Neil deGrasse Tyson is the director of the Rose Center at the American Museum of Natural History and the host of Nova scienceNow, now in its fifth season. He also sat on the National Academy of Sciences Committee, the NASA Advisory Council, the Commission on the Implementation of United States Space Exploration Policy and the selection committee for the Presidential Medal of Science under George W. Bush.
Tyson talked with The Root in a wide-ranging interview that covered not only the upcoming season of Nova scienceNow but also the latest scientific discoveries and the politics of dealing with the government.
The Root: What’s new on Nova scienceNow?
Neil deGrasse Tyson: What’s different is each show will be addressing a single theme from different angles. “Can We Get to Mars?” is the first show. It talks about if we can get there by propulsion, space suits, food, radiation or meteor impacts. Then, “How Smart Are Animals?” In that one we look at how smart dogs are — wolves, canines. I spent some scary and fascinating time with wolves. Wolves are not dogs! We chose them to live with us — we chose the ones who wouldn’t eat us and bred them into dogs. Another theme is “Can We Live Forever?”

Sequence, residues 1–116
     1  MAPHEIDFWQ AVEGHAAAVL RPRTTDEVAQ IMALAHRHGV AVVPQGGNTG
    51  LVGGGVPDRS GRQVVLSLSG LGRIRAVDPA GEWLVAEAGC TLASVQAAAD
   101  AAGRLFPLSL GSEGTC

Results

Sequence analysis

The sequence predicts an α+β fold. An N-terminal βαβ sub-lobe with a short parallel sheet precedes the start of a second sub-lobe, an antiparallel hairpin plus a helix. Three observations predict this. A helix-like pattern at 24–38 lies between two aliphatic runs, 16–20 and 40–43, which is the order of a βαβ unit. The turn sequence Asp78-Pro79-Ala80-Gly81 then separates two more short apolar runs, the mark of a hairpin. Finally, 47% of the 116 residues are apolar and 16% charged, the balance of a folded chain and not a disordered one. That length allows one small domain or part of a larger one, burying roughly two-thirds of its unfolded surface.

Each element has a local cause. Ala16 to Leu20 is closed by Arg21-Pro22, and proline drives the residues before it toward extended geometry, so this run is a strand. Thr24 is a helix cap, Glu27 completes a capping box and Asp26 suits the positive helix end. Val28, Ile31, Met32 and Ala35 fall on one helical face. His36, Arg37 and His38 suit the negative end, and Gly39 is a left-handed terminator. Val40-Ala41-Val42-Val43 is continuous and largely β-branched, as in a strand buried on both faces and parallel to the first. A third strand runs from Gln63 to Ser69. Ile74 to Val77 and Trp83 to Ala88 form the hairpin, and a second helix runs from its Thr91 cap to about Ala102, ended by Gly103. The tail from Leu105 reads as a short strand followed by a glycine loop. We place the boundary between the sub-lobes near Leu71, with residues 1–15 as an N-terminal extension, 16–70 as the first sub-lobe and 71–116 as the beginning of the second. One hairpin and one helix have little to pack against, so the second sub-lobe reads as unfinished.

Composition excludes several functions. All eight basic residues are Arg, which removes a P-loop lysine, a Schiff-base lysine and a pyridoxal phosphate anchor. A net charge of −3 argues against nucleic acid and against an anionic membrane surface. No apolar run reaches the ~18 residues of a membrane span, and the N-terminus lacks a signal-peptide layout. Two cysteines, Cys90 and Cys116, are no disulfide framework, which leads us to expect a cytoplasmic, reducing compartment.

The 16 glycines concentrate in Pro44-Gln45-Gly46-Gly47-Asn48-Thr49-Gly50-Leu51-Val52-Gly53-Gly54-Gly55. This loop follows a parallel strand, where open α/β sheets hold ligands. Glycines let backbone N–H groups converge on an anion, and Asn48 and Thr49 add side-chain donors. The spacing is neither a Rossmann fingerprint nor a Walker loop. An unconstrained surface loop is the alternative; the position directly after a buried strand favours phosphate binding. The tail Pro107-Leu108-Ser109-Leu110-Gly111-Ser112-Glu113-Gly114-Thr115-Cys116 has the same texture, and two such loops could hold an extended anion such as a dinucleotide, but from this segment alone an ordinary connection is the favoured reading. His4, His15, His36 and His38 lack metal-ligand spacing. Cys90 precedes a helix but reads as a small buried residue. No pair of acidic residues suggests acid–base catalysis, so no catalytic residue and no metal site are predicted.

TR: No. I already know the answer to that one. No.
NDT: [Laughing.] We’re working on it! OK, can we live much, much longer? We think of cybernetics — artificial materials substituting for human parts — but there are ways we might grow human organs using human tissues. That way we don’t risk organ rejection or rejection of foreign things inside your body. It’s way beyond stem cells.
TR: What’s been the best scientific discovery in the last 20 years?
NDT: Dark energy. It’s a mysterious pressure in the universe that makes us expand faster than gravity should allow. And we call it dark energy because we have no right to call it anything in particular. You can call it Fred. It was discovered in 1998, and it’s the opposite of gravity.
Another question is, “Where did we come from? What’s the origin of the solar system and life on Earth?”
TR: Mars, maybe?
NDT: Not far-fetched. Maybe if a meteor hit Mars and sent up fragments with nooks and crannies with bacteria that lived in there and reached Earth eventually — over 10 million years. Bacteria can survive all kinds of insults to their ecosystems and environments.
TR: What do you think of Obama’s space policy?